A Years-long Journey to Find Answers and Relief
Last updated: February 2022
My PsA story isn't unusual. I started feeling pain and dismissed it as just having done too much. But then the pain continued for days. Then weeks. Then months. But was it really all that sudden? Did I just suddenly start having pain in my 30's? Were there symptoms I'd missed? How long had I truly had this disease without knowing it?
Looking back on my health history
There's actually no answer to that question. I suspect it started when I was a teenager, but some symptoms could also have been my comorbidities, especially dysautonomia. I remember never being able to run the mile during gym class because my knee would hurt. As a teenager, knee pain isn't supposed to keep you from doing things.
In my 20s, I had back pain that would cause me 2-3 days of bed rest. I was caring for my son, so getting a full day of rest, even when his father was home and could have helped me, was impossible. Then there was trying to work.
The impact of chronic pain on work
I recently looked over my job history. It spans 21 years. In those 21 years, there were so many gaps in employment that I never made enough to actually make a living. I realized that I'd lost a lot of those jobs due to various flares of different issues, things I later found out were symptoms of PsA.
My doctors dismissed my pain
It wasn't until just before I turned 30 that things got bad enough for me to question what was wrong with me. But it was dismissed by my doctor as being weight-related. At 410 lbs, I had to agree with her. I started trying to lose weight. I was fairly successful. In September 2014, I started to lose weight. By January 2016, I had lost 32 lbs. It wasn't a huge amount, but at 378 lbs I felt like I could at least see myself getting to a weight that would stop my pain.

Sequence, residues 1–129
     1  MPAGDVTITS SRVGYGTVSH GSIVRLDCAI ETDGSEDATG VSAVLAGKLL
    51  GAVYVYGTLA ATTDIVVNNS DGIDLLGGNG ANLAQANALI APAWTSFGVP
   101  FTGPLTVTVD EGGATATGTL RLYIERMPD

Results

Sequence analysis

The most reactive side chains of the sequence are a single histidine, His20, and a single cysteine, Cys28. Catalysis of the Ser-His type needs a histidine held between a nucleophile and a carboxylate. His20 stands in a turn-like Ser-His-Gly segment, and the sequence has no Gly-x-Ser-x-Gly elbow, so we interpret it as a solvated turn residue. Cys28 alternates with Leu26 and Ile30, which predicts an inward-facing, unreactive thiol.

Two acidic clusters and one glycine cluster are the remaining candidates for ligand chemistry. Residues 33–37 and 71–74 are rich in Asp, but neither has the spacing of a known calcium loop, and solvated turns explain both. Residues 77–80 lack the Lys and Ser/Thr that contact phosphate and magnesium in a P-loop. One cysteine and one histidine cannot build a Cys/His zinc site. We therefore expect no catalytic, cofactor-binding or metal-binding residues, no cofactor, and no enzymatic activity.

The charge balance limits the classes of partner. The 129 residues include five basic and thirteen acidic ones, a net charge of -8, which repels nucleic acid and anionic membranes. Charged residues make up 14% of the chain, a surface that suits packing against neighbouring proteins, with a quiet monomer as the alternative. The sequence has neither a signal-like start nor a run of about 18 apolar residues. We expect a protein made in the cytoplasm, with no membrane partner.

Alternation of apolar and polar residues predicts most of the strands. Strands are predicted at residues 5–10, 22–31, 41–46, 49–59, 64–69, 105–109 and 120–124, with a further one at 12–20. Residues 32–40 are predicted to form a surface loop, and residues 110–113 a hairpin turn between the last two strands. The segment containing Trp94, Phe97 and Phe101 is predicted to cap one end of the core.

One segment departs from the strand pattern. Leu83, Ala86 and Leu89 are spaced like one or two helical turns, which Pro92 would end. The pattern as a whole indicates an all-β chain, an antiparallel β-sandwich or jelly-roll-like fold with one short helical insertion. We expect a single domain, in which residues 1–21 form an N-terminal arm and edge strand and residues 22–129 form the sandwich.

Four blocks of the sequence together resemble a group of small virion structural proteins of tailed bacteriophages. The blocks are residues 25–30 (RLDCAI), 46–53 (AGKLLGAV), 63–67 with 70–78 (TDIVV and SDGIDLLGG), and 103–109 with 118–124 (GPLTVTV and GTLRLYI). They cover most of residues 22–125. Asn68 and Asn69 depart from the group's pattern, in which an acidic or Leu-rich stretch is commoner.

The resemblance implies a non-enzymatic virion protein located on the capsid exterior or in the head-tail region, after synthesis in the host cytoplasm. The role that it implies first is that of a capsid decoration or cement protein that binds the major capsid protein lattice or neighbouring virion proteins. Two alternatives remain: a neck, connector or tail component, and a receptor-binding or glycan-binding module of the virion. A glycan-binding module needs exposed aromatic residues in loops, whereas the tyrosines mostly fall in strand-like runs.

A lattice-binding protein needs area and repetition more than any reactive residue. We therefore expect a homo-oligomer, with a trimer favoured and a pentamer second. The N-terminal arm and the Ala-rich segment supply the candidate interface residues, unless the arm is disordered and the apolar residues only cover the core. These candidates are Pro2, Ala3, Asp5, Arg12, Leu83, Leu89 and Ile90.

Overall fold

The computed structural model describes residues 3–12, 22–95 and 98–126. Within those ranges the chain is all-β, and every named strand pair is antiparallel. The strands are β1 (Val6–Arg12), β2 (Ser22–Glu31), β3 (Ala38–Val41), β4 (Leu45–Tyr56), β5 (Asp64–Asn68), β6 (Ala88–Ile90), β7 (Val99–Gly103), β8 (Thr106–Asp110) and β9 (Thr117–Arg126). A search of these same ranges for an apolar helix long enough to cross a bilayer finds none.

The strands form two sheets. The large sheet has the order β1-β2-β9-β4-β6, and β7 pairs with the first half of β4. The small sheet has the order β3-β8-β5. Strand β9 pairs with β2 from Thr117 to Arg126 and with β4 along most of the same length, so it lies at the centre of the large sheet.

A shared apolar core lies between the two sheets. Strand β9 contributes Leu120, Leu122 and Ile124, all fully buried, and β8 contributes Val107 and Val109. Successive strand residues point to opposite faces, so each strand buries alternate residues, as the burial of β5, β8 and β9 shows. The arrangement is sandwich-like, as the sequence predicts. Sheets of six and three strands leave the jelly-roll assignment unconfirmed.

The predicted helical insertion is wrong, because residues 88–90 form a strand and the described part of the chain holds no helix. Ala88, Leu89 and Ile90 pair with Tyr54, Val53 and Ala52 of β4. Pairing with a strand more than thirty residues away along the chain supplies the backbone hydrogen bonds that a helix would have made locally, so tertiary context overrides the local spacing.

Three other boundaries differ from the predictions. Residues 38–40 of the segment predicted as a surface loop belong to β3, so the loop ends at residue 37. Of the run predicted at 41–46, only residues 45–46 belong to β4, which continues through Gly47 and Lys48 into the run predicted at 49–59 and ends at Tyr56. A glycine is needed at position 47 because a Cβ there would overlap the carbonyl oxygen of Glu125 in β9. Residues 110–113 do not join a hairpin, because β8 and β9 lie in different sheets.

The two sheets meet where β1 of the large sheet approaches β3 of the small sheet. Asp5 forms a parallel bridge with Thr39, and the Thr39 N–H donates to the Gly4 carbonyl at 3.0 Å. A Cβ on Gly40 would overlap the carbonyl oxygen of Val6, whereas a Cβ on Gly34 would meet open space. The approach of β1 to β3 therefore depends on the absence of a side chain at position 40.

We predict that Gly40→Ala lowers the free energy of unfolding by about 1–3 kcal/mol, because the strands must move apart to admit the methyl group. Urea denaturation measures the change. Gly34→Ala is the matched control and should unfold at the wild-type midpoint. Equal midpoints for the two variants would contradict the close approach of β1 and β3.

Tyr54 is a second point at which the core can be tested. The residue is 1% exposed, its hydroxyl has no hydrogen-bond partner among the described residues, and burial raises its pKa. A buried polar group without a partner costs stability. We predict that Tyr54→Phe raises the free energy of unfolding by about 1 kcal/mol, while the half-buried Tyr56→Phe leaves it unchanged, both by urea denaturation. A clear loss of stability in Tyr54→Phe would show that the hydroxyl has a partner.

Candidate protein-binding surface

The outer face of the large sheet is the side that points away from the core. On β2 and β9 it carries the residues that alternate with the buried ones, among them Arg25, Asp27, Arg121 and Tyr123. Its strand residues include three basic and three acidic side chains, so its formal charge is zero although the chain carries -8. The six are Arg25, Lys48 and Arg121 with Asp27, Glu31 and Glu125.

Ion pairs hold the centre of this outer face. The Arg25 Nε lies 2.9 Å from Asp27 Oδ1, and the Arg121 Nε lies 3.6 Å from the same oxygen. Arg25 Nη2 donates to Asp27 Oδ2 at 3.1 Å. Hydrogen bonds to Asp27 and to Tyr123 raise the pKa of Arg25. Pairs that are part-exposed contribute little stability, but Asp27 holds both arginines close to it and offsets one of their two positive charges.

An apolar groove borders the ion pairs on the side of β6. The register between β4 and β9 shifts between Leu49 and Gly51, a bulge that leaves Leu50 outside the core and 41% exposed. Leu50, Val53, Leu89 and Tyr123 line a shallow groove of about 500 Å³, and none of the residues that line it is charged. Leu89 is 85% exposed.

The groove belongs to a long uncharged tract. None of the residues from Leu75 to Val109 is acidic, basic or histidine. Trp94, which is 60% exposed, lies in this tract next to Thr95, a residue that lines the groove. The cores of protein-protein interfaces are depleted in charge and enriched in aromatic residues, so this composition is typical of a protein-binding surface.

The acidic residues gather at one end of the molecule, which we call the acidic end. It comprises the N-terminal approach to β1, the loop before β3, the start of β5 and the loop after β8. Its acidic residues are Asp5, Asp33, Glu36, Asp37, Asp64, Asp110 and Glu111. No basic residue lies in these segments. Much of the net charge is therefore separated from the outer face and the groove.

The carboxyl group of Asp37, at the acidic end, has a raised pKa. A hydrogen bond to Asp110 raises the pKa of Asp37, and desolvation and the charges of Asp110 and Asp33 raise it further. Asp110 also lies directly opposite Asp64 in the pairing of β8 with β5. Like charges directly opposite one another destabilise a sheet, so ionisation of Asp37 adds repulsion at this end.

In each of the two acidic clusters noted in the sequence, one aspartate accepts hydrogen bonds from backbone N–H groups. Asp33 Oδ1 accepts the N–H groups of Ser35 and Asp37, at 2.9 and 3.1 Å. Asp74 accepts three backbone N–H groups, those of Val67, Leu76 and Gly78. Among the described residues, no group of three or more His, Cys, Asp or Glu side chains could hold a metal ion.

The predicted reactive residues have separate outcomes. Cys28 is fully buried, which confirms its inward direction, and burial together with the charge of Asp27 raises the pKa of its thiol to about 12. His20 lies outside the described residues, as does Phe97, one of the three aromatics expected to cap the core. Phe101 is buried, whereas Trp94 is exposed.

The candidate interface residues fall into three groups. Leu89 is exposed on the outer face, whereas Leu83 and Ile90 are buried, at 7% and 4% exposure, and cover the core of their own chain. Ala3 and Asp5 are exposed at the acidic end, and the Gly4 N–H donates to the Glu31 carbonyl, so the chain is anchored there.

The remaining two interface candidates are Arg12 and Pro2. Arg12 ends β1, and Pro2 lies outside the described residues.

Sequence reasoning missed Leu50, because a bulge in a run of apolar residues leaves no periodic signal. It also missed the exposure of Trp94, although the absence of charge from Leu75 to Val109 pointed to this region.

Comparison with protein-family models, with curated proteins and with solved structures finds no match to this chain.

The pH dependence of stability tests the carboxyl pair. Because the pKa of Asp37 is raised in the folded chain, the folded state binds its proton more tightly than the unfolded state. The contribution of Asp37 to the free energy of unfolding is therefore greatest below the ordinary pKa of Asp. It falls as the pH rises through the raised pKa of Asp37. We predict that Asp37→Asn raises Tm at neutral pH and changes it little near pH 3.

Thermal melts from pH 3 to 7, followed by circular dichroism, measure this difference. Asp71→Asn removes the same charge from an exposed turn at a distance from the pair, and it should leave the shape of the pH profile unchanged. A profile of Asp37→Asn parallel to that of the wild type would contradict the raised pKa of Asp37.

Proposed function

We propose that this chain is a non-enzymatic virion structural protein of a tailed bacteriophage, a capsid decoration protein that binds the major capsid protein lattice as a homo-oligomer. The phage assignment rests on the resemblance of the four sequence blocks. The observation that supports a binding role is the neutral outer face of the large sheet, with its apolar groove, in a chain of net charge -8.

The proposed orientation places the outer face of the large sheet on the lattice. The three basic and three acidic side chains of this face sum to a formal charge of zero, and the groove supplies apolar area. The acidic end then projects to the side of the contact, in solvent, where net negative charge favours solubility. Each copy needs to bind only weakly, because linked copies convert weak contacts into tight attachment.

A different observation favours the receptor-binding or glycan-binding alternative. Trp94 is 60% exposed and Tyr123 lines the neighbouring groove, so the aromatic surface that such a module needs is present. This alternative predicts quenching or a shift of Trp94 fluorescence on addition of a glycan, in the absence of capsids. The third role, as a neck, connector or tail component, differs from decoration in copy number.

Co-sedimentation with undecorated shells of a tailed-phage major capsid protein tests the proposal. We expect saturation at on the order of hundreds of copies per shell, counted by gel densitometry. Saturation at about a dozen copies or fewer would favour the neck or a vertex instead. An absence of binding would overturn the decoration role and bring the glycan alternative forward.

Life after my separation
Then my separation happened. I left an abusive husband and found myself suddenly homeless. I made sure my son had a safe and stable home and moved into a share house. The depression and anxiety of the next 3 months meant I couldn't eat. I lived off protein shakes. I lost 40 lbs. But even at 338 lbs, I still was in pain.
I had no car, so I walked and took public transit everywhere. That meant trying to do all of my errands in one day so that I could spend the next few days recovering. I told myself that it was still because of my weight. But I saw my ex-husband doing the same thing as me. And at 500+ lbs, he definitely had more weight to contend with. Yet he was doing them just fine and didn't need to rest. At the end of 2016, I was able to move home, after my mom kicked out her abusive boyfriend.
Then psoriasis appeared
It wasn't until 2017 that I realized my pain wasn't getting better, but worse each year. I went to a new doctor, and like so many others, he told me it was just my weight. He sent me for blood work and said it was all normal. In 2018, I lost my mom. Soon after my body seemed to go into overdrive. I had pain everywhere and it was getting worse.